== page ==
To start with the conversion of ClearText secrets to Encrypted secrets make sure you import the PFX into your (personal) Windows store and make a note of the certificate Thumbprint.

OTP4ADC Certificate Thumbprint

Next you need to select an attribute operation (1) Here you can select one of the following options:

  • Convert plaintext OTP secrets to an encrypted format – Use this option to convert ClearText formatted secrets in the source (current) attribute and save it into the target (new) attribute as an encrypted formatted secret.
  • Convert the encrypted OTP secrets back to plaintext – Use this option to convert the encrypted secret in the source (current)attribute and save it into the target (new) attribute to a ClearText formatted secret.
  • Update the certificate to a new certificate – Use this option to decrypt all source (current) attributes with the current certificate and and encrypt it again with the new certificate and save it into the target (new) attribute.

Next select the source/target attribute save option (2). Here you can determine if you want to save the attribute in the current (source = target) or save the changed data to a different attribute.

  • Save to same attribute – This will overwrite your previous attribute value with the new converted value.
  • Save to different attribute – This option will save the converted attribute value to a different attribute of your choosing, the safest option! You will still have access to your original secrets. Be sure to remove the original values at some point if everything is good to go.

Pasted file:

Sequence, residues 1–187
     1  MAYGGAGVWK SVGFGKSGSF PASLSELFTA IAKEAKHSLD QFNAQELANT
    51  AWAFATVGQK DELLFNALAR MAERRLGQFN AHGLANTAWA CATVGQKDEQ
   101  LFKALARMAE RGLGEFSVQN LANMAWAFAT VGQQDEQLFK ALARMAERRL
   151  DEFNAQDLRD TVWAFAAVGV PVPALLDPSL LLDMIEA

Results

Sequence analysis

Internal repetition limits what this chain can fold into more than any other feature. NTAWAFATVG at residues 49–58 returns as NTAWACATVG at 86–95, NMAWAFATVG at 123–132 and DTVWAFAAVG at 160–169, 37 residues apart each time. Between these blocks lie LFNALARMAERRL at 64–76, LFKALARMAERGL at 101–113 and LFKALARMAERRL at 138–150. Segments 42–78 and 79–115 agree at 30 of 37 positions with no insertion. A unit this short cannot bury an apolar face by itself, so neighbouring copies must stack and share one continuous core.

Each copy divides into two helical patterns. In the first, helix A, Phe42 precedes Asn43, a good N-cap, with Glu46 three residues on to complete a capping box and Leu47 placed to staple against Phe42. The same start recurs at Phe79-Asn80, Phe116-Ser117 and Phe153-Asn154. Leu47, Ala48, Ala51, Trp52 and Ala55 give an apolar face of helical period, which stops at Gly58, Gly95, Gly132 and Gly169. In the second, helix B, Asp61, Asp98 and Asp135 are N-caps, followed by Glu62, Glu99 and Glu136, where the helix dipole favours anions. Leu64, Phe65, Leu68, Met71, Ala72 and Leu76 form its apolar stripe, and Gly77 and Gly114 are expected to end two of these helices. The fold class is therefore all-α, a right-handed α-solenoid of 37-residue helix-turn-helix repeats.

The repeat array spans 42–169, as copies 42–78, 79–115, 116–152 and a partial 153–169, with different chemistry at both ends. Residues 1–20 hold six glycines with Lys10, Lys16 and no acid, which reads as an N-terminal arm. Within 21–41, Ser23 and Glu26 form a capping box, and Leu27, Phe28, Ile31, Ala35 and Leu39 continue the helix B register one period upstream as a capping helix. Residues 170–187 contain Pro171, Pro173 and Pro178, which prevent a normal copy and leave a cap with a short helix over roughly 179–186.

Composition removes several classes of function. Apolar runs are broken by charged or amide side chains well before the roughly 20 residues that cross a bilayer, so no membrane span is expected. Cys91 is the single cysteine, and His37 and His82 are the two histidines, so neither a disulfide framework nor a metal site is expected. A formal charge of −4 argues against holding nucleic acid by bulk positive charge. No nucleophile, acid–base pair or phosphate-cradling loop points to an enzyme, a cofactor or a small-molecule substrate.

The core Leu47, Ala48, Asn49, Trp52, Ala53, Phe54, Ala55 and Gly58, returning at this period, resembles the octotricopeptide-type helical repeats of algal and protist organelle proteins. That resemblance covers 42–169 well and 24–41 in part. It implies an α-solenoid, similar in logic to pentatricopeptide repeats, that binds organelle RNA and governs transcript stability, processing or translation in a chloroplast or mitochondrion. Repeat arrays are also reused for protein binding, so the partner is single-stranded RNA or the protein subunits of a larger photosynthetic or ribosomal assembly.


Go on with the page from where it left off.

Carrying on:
OTP4ADC Encryption steps

Depending of the previous selections you need to fill the following fields.

  • Current Attribute (3) – This is the current (source) attribute, where the secrets are currently stored.
  • New Attribute (4) – This is the new (target) attribute location, where the converted secrets are being saved to.
  • Current Certificate (5) – If the source attribute is encrypted, this needs to contain the Thumbprint to decrypt the attribute data.
  • New Certificate (6) – If the target attribute needs to be encrypted, this field must contain the Thumbprint of the new certificate.

If you want to save all events to a logfile, select the logfile and location by clicking the Browse button (8) and the path will be shown in the Log File field (7).

When everything is ready you can click the Convert button (9). The status of the conversion will be shown in the progress bar (10).

When all your target attributes are encrypted you will receive a question if you want to save the used (new) Thumbprint into the settings.

OTP4ADC Save Thumbprint

If you have chosen Yes to the previous choice, you will find the new Certificate Thumbprint in the Settings tab. Here you can also enable if the Secrets in the attribute is encrypted.

OTP4ADC Settings

If everything went well you can continue and change the settings in the ADC configuration.

Citrix ADC, enable encryption

To enable encryption you need to enable it on the Citrix ADC. As said earlier make sure you added the Certificate to the ADC. You need it in the next steps. Choose either the CLI or GUI steps.


Log on into the Citrix ADC administration page and go to Security / AAA – Application Traffic. Under Policy Manager click Certificate Bindings

ADC Config AAA Certificate Settings

Next click Add next to the User Data Encryption Key field.

ADC Config Certificate Add

Click Add Binding.

ADC Config Certificate Selection

Select the Certificate you want to use for the encryption and decryption of the secrets. Click OK when certificate is added.

ADC Config Certificate Binding

Next click Create to finish the action.

ADC Config Certificate Save

Now you have a certificate and are ready to enable the encryption.

Under Authentication Settings click the link Change authentication AAA OTP Parameter.

ADC Config AAA OTP Settings

Check the OTP Secret encryption checkbox to enable encryption.

ADC Config AAA OTP Param

And finally if you might have configured the search filter on your LDAP Action (like George Spiers blogged about) for your verify profile like:

You might want to change it to the following string (change your attribute name accordingly):

This should be it. If all went well you should be able to use the new encrypted secrets.

Please reach out to me via Github, Slack (World of EUC), twitter or contact form if you have issues or ideas.